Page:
These apps turn the iPhone into a full-fledged navigation system

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How quickly times can change: Just a few years ago, navigation devices with suction cups for the windshield were the top gadget for all drivers, but nowadays they have become rather junk goods. Instead, you can now get navigation apps for smartphones for little or no money, which not only handle the “turn by turn” navigation that was still expensive a few years ago, but can also download the map material for half the world or the whole world in advance, and thus guide you to your destination without a data connection or charges when traveling abroad. And the market is on the move, because for a long time now it has not just been about the navi for the driver, but about precise maps for self-driving cars and location-based advertising. Last year, for example, Audi, BMW and Daimler bought Nokia’s Here map service for 2.5 billion euros to make themselves independent of other providers.

And almost gone are the days when navigation apps for the iPhone were rare and expensive. Only Navigon still seems to pursue the strategy of offering quite high-priced apps for different destinations, while archrival Tomtom has radically changed and only offers a free app with a low-cost subscription model. It is also sometimes common for other apps to charge for additional services, such as more maps, but the prices are usually low.

Apple wants to play along


Now, iPhone owners wouldn’t necessarily have to be interested in the upheavals in the navigation market, since iOS includes the Maps app, which has been capable of turn-by-turn navigation for quite some time and has been constantly expanded and improved, most recently with the change to iOS 10. Its advantage, besides the fact that it can be found on every iPhone, is its integration with Carplay, the service that brings the content of the iPhone display to the built-in screen in the car and is supported by many cars and aftermarket radios. However, Apple’s Maps app has some disadvantages compared to third-party providers, the most serious of which is certainly that it only works online and can’t store maps on the device. This often makes it unusable abroad if you don’t have the right tariff or are willing to pay high fees for data downloads.

Offline maps should be mandatory


Of course, live retrieval of maps always has the advantage of being up-to-date, but local maps in the iPhone’s memory are very handy, especially if you can easily switch between online and offline operation. This is not only about fees, but also about the possibility to find out where you actually are and how to get away from there somewhere in the pampas that is not served by mobile networks. The apps differ greatly when it comes to downloading maps: It is exemplary to be able to download maps separately according to regions, such as federal states, so that you can use the space on the iPhone economically. Google Maps is a positive example. On the other hand, it is rather annoying when you have to load and install entire continents, although you actually only need directions for the small border traffic to France.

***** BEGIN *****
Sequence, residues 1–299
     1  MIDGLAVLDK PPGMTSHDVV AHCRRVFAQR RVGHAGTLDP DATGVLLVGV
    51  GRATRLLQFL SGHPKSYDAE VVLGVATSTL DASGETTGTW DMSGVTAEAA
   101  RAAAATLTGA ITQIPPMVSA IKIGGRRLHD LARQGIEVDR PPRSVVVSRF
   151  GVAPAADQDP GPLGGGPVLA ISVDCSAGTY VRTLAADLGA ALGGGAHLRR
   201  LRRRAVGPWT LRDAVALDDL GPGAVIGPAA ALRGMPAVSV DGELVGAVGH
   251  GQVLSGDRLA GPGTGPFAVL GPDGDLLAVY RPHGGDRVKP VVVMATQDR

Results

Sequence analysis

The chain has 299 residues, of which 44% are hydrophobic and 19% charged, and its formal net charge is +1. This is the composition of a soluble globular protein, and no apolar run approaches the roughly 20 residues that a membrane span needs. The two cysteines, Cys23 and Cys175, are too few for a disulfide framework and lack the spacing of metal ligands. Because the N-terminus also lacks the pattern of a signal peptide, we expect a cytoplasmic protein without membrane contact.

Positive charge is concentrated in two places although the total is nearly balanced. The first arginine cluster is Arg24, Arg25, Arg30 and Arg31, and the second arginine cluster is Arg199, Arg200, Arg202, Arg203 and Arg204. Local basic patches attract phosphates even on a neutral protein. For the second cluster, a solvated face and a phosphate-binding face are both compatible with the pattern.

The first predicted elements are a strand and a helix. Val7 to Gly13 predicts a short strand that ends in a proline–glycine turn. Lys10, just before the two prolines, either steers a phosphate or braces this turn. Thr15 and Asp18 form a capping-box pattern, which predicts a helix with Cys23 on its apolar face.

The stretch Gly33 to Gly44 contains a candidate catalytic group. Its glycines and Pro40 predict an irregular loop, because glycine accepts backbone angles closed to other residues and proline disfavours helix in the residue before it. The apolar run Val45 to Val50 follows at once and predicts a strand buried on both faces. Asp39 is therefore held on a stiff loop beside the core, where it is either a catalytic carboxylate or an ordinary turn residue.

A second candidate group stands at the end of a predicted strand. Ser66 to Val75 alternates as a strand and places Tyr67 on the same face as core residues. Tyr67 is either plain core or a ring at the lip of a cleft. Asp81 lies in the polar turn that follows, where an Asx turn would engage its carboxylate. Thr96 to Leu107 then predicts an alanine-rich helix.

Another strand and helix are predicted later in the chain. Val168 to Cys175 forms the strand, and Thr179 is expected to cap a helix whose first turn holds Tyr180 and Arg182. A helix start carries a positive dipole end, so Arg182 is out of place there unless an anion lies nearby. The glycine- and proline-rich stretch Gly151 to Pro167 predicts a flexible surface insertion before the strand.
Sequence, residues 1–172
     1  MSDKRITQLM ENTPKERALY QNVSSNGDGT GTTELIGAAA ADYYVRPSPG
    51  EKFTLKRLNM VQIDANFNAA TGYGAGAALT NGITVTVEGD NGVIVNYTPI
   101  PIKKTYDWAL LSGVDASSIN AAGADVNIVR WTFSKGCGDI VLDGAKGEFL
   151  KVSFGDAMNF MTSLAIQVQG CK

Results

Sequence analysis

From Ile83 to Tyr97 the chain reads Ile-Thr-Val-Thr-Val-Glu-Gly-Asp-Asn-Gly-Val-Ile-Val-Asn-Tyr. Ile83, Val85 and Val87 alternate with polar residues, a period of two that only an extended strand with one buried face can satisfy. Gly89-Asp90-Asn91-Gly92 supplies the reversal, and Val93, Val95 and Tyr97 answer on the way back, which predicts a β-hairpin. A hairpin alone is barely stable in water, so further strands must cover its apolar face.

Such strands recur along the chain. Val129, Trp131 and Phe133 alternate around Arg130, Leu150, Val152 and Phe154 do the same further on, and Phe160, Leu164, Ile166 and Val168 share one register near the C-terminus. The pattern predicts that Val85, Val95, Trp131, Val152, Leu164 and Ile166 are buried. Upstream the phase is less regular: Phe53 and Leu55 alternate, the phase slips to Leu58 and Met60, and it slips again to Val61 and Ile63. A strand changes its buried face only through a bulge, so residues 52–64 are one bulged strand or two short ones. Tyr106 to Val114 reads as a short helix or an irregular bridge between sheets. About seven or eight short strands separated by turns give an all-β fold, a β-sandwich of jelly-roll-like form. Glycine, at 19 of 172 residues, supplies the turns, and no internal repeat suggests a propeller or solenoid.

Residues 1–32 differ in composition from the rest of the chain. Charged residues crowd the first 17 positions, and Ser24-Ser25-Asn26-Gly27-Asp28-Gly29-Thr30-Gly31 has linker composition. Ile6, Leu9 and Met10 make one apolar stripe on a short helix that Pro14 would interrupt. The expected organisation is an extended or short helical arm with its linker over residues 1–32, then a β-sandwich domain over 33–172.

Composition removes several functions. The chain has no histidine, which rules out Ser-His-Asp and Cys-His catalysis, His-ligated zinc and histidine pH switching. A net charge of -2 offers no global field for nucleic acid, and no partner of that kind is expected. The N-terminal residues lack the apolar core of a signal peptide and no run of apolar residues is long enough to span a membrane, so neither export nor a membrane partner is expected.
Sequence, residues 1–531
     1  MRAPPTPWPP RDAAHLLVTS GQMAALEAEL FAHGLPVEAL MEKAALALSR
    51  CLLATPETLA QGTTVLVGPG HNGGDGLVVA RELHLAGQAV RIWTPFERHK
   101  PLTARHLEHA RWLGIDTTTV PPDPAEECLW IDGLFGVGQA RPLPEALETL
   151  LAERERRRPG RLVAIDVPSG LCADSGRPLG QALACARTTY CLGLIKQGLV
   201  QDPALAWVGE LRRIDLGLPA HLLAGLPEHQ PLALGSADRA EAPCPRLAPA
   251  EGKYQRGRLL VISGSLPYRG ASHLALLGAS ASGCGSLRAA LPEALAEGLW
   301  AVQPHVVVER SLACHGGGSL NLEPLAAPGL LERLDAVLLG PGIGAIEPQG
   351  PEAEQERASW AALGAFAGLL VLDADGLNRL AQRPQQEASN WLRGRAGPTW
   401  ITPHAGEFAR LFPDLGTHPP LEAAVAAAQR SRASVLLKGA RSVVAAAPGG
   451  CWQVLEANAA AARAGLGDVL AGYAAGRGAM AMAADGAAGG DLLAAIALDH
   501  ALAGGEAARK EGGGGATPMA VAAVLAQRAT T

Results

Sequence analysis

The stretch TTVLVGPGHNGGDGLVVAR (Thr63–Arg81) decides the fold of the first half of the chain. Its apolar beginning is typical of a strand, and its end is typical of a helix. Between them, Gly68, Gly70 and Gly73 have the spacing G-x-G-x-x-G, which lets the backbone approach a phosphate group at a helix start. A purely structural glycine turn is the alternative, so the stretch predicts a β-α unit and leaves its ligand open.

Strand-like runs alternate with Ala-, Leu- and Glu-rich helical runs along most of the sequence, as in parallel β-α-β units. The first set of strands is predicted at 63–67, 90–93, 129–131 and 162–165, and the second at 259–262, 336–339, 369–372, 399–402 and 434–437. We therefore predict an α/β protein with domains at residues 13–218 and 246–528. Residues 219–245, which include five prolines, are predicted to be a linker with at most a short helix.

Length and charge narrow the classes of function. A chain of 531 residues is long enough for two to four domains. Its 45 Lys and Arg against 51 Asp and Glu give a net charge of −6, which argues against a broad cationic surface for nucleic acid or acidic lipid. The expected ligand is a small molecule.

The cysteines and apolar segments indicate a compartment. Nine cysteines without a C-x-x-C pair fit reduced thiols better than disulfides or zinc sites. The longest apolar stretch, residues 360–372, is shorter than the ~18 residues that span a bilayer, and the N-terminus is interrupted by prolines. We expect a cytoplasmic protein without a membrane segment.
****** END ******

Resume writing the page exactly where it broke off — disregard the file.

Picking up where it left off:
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Features make the difference

Traffic information is another important feature of modern navigation systems: For example, you should see where the route is congested as early as possible when planning the route, and the app should select a different, faster alternative route under certain circumstances and take the delay into account. Of course, the app needs online data for this, but much less than for the complete maps. The quality of the traffic information varies greatly, because many app providers, such as Apple, generate it themselves from data more or less voluntarily sent back by the user. The speed trap detectors of some apps are also based on the same principle.

When planning a route, it is very important that the app also knows points of interest, such as the main train station or hotels at the destination, and makes the entry as easy as possible, because many drivers unfortunately try to enter the destination at traffic lights. Numerous apps also help with the search for parking garages, gas stations or supermarkets.

Speed information is very practical. Some apps know the speed limit, display it and warn you when you exceed it, although this is actually only practical if you can also set a tolerance for intentional overruns at the same time.

There is also a significant difference in the screen display, which is of course largely a matter of taste. Some apps look strangely anemic here and do not exactly contribute to information while driving. At least the time of arrival and the distance to the destination should be displayed quickly and clearly, and a speed calculated via GPS should actually be included.